So my project of the week has been to learn a little something about cooking from legumes and dried beans. Here in Portland we can get all of our grains and most of the other dried foods (cereal, nuts, flour, etc) from bulk bins, which allows us to avoid extra packaging, get only the amount of food we will use, and to save a little bit of money. This meshes well with my personal mission to learn to be content with less without hoarding things “just in case.” Maria reminded me that our tiny little house came furnished with a slow cooker — an item I love in theory but have never actually used. Since I am a chronic forgetter and often burn things, the low temp and delayed gratification of throwing stuff in a pot all day appeals to my style. I googled, then crowdsourced on facebook for some help. An obvious favorite emerged, Crockpot365.
My first stash of new-to-me beans and grains is a jar of quinoa and a jar of navy beans. Apparently with dry beans, the trick is to soak them long enough so they get soft, but not so long that their skins come off (because then they’re mushy and apparently cause more gas). Also, cooking beans with a fat (commonly, butter) will avoid the boilover problem. All these fun bean facts!
I’ve been in a real soup mood here in Portland, so this is the direction I’m headed first with this bean thing. Apparently, I have to learn about ham hocks and stock and soup bases and why in the world so many soup recipes call for celery. My first attempt with navy beans using what I had on hand (leeks and potatoes, one small can of chicken soup base, onions) is rather bland and lifeless and also instantly toot-a-licious. So we probably won’t eat much of it.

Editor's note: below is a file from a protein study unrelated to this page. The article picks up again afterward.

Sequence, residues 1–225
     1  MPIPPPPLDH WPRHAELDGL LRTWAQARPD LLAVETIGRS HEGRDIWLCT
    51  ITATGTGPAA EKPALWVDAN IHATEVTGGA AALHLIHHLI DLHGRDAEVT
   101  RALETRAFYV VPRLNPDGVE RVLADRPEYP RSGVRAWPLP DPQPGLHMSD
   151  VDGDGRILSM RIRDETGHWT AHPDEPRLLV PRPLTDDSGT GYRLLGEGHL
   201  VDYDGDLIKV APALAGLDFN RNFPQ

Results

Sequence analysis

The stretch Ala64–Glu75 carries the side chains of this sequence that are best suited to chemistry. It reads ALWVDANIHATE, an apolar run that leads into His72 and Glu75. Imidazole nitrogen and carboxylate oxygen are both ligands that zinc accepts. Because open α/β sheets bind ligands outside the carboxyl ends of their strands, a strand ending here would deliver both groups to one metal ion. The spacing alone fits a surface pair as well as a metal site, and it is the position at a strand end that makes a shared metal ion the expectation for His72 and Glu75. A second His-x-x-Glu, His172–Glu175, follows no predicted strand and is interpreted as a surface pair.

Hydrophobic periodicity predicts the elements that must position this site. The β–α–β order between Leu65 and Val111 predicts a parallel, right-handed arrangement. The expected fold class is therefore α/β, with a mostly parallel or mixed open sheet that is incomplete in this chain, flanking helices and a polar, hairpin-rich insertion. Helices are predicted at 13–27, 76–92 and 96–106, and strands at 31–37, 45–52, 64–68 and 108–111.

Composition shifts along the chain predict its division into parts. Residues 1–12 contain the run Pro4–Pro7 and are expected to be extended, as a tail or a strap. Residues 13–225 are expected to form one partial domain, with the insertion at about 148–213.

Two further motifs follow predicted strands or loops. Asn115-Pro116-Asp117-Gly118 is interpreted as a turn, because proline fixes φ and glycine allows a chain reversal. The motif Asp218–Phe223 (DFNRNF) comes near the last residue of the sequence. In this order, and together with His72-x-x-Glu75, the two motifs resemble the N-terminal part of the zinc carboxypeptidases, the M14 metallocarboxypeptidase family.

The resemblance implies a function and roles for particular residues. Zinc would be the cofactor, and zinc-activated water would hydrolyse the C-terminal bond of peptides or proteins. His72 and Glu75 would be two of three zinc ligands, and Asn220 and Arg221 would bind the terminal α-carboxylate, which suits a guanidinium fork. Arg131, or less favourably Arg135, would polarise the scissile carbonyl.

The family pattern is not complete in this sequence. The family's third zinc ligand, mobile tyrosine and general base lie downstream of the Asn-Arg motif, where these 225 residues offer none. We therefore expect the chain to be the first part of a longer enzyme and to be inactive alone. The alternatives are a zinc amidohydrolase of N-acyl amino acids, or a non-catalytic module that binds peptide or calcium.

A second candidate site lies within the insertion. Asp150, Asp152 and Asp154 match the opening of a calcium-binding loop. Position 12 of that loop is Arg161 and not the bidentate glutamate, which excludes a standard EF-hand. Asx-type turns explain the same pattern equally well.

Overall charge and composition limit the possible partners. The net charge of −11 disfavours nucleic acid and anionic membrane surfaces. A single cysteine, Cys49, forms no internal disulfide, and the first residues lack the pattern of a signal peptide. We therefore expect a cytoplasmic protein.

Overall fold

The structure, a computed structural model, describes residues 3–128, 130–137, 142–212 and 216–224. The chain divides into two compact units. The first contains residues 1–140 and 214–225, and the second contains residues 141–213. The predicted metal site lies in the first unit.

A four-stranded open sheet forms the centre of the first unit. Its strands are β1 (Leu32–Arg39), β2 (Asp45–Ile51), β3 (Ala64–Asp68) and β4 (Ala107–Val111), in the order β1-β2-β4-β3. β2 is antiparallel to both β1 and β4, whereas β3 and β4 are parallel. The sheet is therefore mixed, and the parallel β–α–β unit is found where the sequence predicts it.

Quinoa and wild rice blends are next on my list. I have some fresh mushrooms from the farmers market and some beef soup base I am excited to use together. Good thing I’m not eating vegetarian these days.
I have an ulterior motive for this exploration of beans beyond a craving for warm soup to cut through the oncoming winter gloom. I’ve gotten used to the luxury of shopping at Whole Foods, co-ops, and farmers markets in an attempt to eat organic and support the local market. Unfortunately, everything extra at these stores (spices, cans, boxed food) is marked up crazy time. My jaw dropped recently when I went into local huge warehouse-style chain WinCo and three bags full of supplies cost $20. I’m so used to putting out at Alberta Co-op that garlic for $0.31 is almost a foreign concept. I’m hesitant to buy produce in this environment because I KNOW the stuff is heavy on pesticides and exploitative labor practices, and also trucked in from everywhere but the local farms. I’m ok paying more to know where my food came from and have it grown with love… but I’m not ok spending $35-60 every time I walk into a market to pick up a few things.
Ali and I are prepping to go on a long, exciting adventure together. We have $70k in debt leftover from designer educations, and we’re going to attempt to pay it all off once and for all by December 31, 2011. HOW IS THIS EVEN POSSIBLE?! This means cutting back on all extras like eating out/entertainment/Target wanderings/travel, slashing our food costs, and finding creative solutions to our needs rather than purchasing the easy answer. It also means that we need to get our income up, obviously.
I am extremely excited for the project and drawn compulsively to the end goal. Being debt-free is a BHAG that will enable us to make wise decisions and life choices. But I gotta tell you, I am a little scared about living like a grad student because scarcity is a psychological trigger of mine after growing up middle-class-constant-debt.
Abundance mentality, here we come!